Oz PM calls leadership ballot as his popularity slumps
AUSTRALIAN Prime Minister Kevin Rudd came to power in 2007 declaring climate change "the greatest moral and economic challenge of our age".
But his shelving of a carbon trading scheme in April proved so unpopular with voters that his deputy and closest ally, Julia Gillard, has taken the dramatic step of challenging him for the leadership.
With the Labour government scheduled to call an election this year, senior ministers have become alarmed by the party's drastic slide in the polls. The latest figures gave Labour the slimmest of leads over the opposition conservative coalition, indicating that Mr Rudd could become the first Australian prime minister since 1932 to be ousted after just one term.
In recent weeks, Welsh-born Ms Gillard had laughed off repeated suggestions that she might challenge Mr Rudd for the Labour leadership. Earlier this week, she had been convinced otherwise by senior party figures, who had reportedly been plotting behind the scenes.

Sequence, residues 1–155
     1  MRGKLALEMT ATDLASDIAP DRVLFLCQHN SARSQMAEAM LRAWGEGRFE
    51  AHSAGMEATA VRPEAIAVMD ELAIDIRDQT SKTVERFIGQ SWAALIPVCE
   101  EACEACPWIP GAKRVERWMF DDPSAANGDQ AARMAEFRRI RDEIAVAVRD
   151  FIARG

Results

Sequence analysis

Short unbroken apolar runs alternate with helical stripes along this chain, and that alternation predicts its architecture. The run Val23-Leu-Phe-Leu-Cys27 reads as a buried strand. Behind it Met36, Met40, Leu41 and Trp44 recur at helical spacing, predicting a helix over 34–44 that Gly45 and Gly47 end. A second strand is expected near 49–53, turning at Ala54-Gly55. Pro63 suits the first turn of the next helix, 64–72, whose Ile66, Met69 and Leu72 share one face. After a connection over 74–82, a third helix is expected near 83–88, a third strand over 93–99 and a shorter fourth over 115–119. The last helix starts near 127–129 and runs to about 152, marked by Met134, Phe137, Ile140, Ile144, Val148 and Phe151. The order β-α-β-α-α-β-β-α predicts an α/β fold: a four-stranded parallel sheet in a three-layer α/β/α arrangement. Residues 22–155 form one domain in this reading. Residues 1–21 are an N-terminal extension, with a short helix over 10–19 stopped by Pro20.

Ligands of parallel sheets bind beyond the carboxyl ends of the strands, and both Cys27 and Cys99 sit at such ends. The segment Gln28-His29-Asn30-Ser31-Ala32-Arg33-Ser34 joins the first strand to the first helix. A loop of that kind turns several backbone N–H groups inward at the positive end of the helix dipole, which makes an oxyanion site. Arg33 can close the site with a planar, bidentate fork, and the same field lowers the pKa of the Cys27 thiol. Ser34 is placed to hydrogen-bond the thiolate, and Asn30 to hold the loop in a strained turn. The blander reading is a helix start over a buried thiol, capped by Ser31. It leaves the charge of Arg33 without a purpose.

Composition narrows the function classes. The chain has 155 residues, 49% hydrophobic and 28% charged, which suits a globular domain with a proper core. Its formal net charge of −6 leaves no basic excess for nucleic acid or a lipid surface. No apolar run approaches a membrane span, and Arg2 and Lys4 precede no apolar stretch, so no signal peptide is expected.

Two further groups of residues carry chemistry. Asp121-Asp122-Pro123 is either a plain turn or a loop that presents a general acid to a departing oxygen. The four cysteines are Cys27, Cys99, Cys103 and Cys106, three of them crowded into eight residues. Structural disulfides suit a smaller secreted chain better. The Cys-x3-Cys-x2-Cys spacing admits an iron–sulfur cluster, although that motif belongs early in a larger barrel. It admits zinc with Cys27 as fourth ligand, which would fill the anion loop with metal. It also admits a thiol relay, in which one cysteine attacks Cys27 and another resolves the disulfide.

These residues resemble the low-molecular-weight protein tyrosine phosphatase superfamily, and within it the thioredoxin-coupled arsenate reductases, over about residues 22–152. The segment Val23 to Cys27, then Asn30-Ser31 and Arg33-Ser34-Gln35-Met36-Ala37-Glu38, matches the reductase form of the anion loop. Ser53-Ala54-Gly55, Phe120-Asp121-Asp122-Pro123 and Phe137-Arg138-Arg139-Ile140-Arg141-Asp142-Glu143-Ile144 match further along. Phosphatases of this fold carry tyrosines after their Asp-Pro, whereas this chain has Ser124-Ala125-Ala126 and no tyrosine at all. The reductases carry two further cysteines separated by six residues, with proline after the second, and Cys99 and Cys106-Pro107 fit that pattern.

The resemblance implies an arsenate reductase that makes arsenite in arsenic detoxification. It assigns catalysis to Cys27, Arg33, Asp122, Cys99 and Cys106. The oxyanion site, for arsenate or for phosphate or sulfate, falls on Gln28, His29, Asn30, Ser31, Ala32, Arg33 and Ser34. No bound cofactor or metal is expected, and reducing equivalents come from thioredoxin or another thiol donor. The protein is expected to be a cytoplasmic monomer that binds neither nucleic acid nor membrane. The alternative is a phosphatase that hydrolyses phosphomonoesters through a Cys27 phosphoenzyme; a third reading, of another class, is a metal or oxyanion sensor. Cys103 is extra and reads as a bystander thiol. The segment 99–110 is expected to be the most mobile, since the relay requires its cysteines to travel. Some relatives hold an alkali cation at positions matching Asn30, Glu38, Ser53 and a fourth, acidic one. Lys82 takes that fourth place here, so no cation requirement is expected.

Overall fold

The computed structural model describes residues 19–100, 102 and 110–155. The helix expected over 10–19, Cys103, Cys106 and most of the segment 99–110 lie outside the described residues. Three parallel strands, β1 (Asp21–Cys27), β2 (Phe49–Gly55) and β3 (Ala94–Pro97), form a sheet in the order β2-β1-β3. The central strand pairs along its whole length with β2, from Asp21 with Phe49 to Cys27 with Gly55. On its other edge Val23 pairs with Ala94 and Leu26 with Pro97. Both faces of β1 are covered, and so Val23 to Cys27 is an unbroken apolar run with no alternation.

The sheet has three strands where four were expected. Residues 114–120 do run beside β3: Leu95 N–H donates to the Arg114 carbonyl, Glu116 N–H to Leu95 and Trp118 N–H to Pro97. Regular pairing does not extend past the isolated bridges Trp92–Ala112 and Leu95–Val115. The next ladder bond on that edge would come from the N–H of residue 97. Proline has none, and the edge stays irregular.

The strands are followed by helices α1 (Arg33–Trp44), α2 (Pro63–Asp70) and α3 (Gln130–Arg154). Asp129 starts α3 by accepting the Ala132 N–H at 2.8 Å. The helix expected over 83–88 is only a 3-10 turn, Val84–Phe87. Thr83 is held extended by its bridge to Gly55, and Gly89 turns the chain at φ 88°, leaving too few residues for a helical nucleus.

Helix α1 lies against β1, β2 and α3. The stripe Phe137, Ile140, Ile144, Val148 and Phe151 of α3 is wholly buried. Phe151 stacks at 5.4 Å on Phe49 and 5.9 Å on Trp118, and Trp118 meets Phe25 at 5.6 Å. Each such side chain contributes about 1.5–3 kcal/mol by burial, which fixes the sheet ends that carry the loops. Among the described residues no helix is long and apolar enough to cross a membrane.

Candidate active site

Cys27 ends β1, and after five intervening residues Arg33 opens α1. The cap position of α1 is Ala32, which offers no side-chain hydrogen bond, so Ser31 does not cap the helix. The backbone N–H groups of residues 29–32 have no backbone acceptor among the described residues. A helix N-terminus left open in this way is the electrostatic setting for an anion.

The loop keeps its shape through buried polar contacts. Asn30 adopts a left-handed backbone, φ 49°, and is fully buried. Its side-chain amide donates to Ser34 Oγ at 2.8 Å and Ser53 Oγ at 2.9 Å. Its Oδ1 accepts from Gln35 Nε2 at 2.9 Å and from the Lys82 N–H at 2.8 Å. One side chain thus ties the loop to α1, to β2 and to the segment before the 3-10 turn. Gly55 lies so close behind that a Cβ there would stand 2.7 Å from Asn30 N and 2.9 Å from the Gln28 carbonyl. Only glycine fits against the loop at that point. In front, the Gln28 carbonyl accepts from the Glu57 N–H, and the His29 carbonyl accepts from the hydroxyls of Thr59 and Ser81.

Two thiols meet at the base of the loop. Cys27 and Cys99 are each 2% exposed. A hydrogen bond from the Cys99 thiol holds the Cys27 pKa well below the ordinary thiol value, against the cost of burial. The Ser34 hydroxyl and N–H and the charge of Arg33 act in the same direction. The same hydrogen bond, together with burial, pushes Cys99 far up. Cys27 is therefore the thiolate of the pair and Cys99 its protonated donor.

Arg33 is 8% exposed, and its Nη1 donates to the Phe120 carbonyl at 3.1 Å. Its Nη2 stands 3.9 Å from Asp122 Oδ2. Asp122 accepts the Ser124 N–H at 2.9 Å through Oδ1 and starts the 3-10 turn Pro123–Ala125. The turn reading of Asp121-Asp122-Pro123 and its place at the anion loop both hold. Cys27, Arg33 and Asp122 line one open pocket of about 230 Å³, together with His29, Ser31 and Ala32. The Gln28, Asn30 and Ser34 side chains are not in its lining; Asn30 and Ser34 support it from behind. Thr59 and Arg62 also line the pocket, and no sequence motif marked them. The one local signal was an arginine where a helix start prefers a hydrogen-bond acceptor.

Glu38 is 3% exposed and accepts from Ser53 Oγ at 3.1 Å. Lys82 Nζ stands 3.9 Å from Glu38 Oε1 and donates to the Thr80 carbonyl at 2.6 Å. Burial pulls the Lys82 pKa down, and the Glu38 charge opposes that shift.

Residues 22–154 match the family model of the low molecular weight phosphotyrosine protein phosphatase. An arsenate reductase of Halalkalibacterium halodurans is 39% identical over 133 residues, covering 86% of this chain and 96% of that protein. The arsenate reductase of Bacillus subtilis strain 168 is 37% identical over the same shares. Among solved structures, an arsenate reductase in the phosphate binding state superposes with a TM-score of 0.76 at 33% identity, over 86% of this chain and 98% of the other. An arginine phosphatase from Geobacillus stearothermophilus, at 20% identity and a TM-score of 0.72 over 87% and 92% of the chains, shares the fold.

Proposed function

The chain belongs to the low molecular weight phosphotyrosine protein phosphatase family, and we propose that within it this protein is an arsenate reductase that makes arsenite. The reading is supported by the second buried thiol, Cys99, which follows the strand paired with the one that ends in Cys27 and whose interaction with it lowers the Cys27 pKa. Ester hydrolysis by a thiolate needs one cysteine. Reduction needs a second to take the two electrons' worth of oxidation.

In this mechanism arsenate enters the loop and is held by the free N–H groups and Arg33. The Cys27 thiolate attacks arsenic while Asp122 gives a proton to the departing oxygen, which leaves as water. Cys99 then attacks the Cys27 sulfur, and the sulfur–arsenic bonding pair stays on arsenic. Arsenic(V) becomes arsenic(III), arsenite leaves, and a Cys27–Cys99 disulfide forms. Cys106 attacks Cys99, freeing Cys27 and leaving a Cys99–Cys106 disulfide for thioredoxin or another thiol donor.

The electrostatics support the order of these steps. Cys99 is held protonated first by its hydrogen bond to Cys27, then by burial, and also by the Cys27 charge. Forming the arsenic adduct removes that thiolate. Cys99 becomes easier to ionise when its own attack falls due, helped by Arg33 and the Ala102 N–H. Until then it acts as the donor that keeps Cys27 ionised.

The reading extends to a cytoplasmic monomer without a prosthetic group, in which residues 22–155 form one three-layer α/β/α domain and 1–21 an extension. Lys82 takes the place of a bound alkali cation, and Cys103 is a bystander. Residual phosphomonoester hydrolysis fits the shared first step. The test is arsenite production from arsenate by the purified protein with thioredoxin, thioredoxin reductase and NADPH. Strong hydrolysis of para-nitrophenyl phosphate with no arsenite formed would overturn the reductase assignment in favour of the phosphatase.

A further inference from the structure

On Tuesday, at a hastily convened press conference, the prime minister announced that a ballot would be held. Party sources suggested Ms Gillard had enough support to topple him and become Australia's first female prime minister.
The rapid unfolding of the political crisis took even some ministers by surprise. Informed about the ballot on a late-night television current affairs programme, the defence minister, John Faulkner, replied: "It's . . . news to me." Just months ago, Mr Rudd was one of Australia's most popular prime ministers, and his party had an unassailable lead in the polls.
His decision to postpone the intro- duction of the Emissions Trading Scheme started the rot.
(© Independent News Services)